Guiding and Motivating Students
GSIs may be the first to know when students are having trouble with either the kind or the volume of assigned readings. Students may show up in class without having prepared or done the readings, and this produces frustration for GSIs whose lesson plans depend on students coming to class prepared, as well as for students who have succeeded in doing the reading and are ready to work with the content.
How can we motivate students to prepare adequately on their own? Remember that your course isn’t just about content: it also requires skills to get at and work with the content. A good starting point for students is to show them what you mean by “read” for your particular course or a common kind of text in your field. It may be that nothing in their previous academic or reading experience has prepared them for the kinds of learning activities you as an instructor have in mind when you assign a reading.
What are some typical pitfalls when reading texts that are important in your course? What are the most useful reading behaviors? Here are some activities to start thinking about. What suggestions would be on your list?
- read the introduction, then list what you anticipate the rest of the text will try to do
- skim first before reading word-for-word
- scan first sentences of paragraphs first to get the gist
- read the abstract and “results” section first, and translate them into your own words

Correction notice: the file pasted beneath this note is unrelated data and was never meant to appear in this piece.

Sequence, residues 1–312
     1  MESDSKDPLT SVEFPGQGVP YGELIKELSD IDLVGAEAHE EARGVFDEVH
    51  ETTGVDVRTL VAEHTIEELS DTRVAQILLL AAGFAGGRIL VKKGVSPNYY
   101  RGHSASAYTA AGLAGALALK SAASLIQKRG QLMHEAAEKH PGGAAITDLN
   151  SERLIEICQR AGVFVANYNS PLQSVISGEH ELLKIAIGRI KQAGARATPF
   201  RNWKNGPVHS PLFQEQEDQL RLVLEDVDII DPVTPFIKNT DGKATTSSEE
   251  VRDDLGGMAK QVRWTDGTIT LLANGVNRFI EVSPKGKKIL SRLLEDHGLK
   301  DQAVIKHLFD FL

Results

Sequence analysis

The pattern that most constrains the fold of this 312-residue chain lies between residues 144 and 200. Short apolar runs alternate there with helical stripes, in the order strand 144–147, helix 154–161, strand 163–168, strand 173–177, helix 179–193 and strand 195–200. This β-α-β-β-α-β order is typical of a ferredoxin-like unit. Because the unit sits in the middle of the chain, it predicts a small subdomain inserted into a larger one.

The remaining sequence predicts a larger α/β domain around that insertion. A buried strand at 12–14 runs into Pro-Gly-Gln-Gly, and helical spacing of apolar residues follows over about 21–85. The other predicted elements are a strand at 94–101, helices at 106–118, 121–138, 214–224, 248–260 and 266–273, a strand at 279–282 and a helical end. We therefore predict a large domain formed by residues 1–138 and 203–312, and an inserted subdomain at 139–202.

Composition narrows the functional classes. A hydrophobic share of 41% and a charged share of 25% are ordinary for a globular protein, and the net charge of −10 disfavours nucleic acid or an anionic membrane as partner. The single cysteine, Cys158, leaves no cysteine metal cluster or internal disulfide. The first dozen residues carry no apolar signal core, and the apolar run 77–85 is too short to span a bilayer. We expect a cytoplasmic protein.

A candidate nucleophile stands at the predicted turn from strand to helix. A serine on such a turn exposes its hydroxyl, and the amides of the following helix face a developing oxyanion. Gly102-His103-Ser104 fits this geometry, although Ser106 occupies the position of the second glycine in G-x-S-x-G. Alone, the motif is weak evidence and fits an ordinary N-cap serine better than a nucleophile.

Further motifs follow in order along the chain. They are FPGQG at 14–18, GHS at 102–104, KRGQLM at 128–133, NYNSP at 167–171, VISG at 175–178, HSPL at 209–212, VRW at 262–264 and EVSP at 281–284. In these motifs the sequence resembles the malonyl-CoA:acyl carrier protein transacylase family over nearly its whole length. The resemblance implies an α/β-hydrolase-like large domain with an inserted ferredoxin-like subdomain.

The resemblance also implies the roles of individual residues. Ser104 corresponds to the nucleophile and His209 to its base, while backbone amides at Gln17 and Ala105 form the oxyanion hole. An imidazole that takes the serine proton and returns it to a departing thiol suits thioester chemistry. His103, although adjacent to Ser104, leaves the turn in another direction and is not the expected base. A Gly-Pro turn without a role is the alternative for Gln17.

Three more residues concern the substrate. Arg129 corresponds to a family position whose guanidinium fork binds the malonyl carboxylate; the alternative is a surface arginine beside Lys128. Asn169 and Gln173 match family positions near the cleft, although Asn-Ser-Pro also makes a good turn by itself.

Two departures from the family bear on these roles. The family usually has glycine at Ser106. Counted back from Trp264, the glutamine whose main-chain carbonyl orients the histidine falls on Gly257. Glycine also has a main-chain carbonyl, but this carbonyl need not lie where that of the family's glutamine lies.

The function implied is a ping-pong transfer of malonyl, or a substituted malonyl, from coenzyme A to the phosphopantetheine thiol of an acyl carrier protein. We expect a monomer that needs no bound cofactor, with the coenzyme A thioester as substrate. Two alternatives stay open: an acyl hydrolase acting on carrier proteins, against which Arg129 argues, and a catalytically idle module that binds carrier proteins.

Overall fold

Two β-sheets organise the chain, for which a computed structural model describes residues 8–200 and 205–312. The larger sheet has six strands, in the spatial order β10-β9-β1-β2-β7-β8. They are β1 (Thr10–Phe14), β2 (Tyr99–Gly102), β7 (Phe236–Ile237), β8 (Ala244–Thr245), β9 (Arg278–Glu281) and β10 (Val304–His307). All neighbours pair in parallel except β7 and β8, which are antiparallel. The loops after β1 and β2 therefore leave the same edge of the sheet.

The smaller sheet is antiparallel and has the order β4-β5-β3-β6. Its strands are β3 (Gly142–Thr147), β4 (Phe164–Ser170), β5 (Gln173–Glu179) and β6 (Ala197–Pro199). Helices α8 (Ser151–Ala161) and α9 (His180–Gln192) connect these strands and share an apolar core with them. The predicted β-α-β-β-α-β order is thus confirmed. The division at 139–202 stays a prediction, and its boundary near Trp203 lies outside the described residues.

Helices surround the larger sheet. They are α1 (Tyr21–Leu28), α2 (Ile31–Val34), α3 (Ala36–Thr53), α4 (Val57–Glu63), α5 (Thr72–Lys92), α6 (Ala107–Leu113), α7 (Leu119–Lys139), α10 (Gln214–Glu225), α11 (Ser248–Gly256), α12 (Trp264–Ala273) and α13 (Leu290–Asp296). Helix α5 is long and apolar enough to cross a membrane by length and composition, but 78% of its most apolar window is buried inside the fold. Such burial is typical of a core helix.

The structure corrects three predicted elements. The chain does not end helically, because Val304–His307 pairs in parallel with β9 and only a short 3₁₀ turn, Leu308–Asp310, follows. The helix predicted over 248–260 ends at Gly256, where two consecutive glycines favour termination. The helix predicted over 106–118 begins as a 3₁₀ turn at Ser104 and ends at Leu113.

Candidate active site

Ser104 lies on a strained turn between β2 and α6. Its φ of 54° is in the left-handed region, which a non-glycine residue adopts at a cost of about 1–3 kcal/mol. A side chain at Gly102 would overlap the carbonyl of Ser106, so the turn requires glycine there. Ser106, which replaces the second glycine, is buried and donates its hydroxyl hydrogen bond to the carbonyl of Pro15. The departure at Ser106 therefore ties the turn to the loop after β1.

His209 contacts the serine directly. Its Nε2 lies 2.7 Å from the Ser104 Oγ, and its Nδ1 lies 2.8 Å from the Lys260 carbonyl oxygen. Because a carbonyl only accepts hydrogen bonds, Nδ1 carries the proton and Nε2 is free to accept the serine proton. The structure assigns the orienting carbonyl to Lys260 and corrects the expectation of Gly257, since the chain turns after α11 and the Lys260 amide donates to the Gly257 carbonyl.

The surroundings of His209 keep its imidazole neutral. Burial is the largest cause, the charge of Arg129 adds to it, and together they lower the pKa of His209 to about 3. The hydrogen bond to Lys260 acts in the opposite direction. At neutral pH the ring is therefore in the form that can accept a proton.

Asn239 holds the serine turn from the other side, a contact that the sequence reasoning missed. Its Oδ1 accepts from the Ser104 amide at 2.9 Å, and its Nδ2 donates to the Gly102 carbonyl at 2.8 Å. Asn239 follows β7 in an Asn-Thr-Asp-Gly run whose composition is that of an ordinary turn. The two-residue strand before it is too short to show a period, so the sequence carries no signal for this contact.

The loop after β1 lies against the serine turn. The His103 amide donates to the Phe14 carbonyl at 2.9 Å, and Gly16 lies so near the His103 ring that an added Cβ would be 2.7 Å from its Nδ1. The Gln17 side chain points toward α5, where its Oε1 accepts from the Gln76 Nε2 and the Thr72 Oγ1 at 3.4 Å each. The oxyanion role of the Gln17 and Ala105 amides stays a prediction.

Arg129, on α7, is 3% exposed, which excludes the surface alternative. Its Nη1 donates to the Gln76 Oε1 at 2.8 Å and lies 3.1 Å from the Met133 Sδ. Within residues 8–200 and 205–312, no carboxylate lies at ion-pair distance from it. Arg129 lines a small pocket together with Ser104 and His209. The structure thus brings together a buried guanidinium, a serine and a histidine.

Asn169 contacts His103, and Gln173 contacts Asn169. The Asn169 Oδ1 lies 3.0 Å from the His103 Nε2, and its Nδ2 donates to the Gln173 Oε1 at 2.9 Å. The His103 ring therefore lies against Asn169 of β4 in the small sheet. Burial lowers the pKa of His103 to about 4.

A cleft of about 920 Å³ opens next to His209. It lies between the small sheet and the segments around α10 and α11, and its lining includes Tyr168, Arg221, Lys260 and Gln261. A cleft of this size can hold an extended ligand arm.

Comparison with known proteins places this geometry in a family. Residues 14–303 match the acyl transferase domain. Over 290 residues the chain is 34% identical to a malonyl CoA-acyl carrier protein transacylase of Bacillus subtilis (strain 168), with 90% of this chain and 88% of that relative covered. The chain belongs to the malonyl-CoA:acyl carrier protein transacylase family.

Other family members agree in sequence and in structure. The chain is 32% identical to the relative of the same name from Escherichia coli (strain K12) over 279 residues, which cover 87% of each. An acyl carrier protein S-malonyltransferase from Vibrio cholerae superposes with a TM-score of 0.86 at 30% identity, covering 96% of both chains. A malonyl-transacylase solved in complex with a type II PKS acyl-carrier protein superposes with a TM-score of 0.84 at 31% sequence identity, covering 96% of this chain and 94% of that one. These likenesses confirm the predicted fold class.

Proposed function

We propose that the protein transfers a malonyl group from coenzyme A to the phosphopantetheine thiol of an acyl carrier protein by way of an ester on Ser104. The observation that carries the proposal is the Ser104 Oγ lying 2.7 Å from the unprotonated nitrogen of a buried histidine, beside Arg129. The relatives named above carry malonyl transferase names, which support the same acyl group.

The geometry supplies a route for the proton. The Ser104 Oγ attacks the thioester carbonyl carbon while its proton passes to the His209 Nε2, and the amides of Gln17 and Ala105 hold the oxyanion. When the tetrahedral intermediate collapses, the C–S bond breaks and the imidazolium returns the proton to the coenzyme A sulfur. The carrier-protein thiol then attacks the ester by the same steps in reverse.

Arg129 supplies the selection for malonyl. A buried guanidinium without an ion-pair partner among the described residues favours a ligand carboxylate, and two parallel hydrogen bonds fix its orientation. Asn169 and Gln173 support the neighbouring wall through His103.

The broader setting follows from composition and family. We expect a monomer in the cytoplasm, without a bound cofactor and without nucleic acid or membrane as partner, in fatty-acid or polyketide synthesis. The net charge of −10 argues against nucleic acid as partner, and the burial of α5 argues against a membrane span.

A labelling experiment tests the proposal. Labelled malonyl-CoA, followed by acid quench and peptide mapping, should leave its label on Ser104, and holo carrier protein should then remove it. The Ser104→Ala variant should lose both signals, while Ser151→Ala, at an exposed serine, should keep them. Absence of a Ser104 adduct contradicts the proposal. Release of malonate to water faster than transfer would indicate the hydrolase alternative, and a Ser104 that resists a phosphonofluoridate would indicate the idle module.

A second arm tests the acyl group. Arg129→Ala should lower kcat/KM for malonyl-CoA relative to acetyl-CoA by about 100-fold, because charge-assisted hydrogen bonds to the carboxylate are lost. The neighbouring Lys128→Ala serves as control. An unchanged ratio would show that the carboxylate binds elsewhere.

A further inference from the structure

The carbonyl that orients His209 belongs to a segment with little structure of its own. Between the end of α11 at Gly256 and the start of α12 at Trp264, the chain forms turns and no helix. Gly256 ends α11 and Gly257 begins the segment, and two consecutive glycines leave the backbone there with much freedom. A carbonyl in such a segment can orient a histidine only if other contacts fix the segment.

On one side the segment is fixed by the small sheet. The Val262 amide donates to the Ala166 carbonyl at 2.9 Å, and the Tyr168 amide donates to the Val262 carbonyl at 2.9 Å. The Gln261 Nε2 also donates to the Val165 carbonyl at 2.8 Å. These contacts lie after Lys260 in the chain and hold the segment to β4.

- look up unfamiliar terms or try to figure them out from context (and how do you do this?)
- summarize or outline the argument (and bring it to class)
- list key words and concepts
- look for tensions in the argument or in the use of key concepts
- apply a particular set of instructor-generated questions to their reading
- notice the uses of particular linguistic or rhetorical features
- read or ignore sidebars of a textbook chapter
- work through all the sample problems, or just a few of them
- make notes as you read
- make notes in the margin of the text
- make connections with other content in the course
On the first reading assignment of the semester, you might bring several activities such as those listed together to give a step-by-step reading process for your students to start with. Follow up with a way students can demonstrate to you (and themselves) what they have gotten out of these steps. As the semester proceeds, work toward further procedures for more conceptually sophisticated objectives, such as discerning a rhetorical context or tracking a bibliographic or analytical trail.
Giving students such detailed guidance does not mean reducing a complex intellectual engagement into a rote exercise, nor does it mean taking students’ creative agency as readers away from them. It means initially working with the procedural knowledge (how people read in your discipline) that is necessary for them to get at the conceptual knowledge (content and relationships) you want them to ultimately work with.
Success with this kind of guided practice will give them a sense of mastery, which translates to motivation to move on to independent practice (in other words, more effective reading activities on their own).
To read more about the learning model this approach is based on, see the subsection “Learning” on our Cognitive Constructivism page. For more on different kinds of knowledge (e.g., “procedural” and “conceptual”), see the “Cognitive Domain” section of Leslie Owen Wilson’s page “Bloom’s Taxonomy Revised.”